Last month, we invited readers to share their responses to a writing prompt inspired by Victoria Livingstone’s Exhaustion and Rest: Motherhood and Creativity and Linda Collins’s Write of Passage: Telling a Daughter’s Story. We asked, “Has motherhood impacted your creativity in unexpected ways? Has observing your children’s approach to life or listening to their comments about it changed your focus?” Below is Rachel Neverall’s response.
The Color of Frost
I huff as I approach the car and notice the frost covering the windshield. I fling open the door, jam the key into the ignition, and crank the defrost to max. I try the wipers, hoping I can just wipe away the frost and move on with our morning. They refuse to comply.
I don’t have time for this, I roar inside my head, not this frozen windshield or this tedious chore. This was supposed to be my morning to write, to craft something, anything, from the thoughts that swirl in my head in the moments when my hands are too busy to pick up a pen. Instead I’m spending my precious minutes as a chauffeur for my child’s pursuits. On this frigid morning, the dreams of my own feel as far off as the first spring thaw.
Scraper in hand, I slam the door and exit the car. I begin to hack at the windshield—and my anger—through the layer of ice. I want to swipe away the frost like I might do with a spatula to a bowl of cake batter. The grooves on the scraper leave lines like barbed wire across my window. It’s as if I am using a fork to scrape up the batter, a useless endeavor. A finger would be more effective, and taste better.
Resigned to my poorly designed tool, I make my way to each window. Eventually I notice an ease to my effort. Maybe the defrost is finally warming up the windows. Or maybe I am calming down. Either way, the fog of my own frustration clears, too. When I get back into the car, the sun shines into the window, illuminating the icy pieces I scraped off. They rest in the crack between the car hood and the window like delicate coconut curls.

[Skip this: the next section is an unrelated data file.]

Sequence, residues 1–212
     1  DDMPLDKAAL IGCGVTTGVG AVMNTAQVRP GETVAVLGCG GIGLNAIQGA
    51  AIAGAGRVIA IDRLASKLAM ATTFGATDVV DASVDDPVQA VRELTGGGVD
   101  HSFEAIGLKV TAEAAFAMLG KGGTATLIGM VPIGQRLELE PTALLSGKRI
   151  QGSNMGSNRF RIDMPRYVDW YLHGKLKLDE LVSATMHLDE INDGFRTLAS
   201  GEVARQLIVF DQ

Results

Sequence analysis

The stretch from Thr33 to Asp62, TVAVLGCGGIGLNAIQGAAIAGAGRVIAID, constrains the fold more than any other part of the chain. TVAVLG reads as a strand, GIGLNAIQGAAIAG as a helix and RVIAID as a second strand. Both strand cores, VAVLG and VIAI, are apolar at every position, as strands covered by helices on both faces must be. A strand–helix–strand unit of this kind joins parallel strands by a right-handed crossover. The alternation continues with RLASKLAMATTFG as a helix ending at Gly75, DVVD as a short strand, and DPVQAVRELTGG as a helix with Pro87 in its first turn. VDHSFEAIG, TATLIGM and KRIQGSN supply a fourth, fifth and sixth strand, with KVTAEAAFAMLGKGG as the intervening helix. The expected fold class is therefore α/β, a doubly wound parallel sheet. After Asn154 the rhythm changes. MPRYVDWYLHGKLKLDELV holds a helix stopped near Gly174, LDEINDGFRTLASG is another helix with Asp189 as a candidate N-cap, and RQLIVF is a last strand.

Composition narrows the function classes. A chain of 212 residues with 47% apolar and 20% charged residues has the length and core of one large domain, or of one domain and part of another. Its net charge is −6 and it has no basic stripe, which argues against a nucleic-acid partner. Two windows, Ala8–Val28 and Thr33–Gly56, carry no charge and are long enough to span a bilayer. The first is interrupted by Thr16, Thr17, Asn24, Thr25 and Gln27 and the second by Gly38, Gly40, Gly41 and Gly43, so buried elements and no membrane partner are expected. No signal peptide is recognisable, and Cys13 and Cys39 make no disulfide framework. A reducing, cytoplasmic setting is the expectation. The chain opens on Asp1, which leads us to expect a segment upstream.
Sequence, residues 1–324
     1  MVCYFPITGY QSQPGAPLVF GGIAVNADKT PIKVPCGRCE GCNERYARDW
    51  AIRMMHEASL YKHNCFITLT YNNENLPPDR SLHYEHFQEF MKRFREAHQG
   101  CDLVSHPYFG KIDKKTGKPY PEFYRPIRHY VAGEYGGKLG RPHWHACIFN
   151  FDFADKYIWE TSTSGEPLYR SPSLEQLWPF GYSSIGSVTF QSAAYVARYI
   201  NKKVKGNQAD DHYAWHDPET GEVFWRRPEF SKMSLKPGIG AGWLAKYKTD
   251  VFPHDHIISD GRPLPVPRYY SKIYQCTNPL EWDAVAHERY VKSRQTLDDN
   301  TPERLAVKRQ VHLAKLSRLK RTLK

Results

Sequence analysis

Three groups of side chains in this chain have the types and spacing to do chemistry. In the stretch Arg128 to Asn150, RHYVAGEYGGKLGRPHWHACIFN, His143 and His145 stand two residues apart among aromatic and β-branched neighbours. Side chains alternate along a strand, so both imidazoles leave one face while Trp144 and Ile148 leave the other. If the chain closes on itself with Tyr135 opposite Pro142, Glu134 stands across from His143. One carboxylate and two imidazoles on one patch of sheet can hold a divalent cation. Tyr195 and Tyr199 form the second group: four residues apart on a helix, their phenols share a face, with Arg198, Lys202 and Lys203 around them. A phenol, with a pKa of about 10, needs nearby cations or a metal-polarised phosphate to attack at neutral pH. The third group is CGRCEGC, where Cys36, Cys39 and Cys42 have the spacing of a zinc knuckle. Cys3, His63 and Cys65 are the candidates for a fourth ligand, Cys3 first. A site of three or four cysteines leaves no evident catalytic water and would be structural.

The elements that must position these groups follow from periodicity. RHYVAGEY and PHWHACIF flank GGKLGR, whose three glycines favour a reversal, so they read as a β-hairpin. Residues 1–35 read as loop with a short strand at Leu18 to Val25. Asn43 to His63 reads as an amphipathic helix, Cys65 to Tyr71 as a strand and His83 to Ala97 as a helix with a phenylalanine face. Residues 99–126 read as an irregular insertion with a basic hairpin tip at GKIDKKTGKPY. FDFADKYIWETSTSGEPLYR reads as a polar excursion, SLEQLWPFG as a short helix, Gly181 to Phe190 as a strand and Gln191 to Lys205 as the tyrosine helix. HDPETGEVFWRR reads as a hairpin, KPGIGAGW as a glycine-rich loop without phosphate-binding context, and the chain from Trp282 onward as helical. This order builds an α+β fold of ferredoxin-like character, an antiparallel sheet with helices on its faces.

We drive down the road and while the shavings bounce off the car, their memory stays with me.
“Mom, you know what I have been thinking?” My seven year old interrupts my thoughts. I look up into my rearview mirror in surprise, suddenly remembering I’m not alone. I see the icy curls again, this time in the hair framing her face. Light bounces off of her face.
“I’ve been thinking about writing.”
My ears perk up with that last word.
“I’ve been thinking that kids are probably better writers than grown ups.”
“Oh really. Why do you say that?” I try not to show I’m offended.
“I just think kids are so much closer to their memories than grown ups. Because it’s happening right now. We can be more colorful with our descriptions.”
I get chills with her analysis, and the use of that word “colorful.” I want my life to be colorful, too.
“Maybe you’re right. I worry about this sometimes. I worry I will forget things. That I’ll be too busy in the moment to pay attention.”
I look back through my mirror to see her gaze out the window. She remains quiet, watching the icy road, turning over what she wants to say before speaking again.
“I don’t know. I think if the emotion is strong enough, you’ll remember it.”
I think of the coconut curls, the evolution of my frosty morning, her words. I want to hurry home to write about this, to keep the color of this memory with my daughter fresh. The scarcity of time to collect words haunts me, as if the moments might bounce and melt away from my grasp.
But what if she’s right? Maybe these simple moments aren’t wasted or tedious but rather just another color on my canvas, if only I remember to pay attention. Notice how you feel, she begs of me—the anger, curiosity, awe, relief. For it’s the emotions that turn a moment into a story, a story too colorful to forget.
Rachel Nevergall lives in Minnesota with her husband, Mike, and three children. She is the curator of family adventures, lover of library books, mixer of fancy cocktails, and writer in the in-between. She shares her stories as a regular contributor at Twin Cities Mom Collective, Coffee+Crumbs, The Kindred Voice Magazine, and Kindred Mom, amongst others. Connect with her at RachelNevergall.com and on Instagram @rachelnevergall.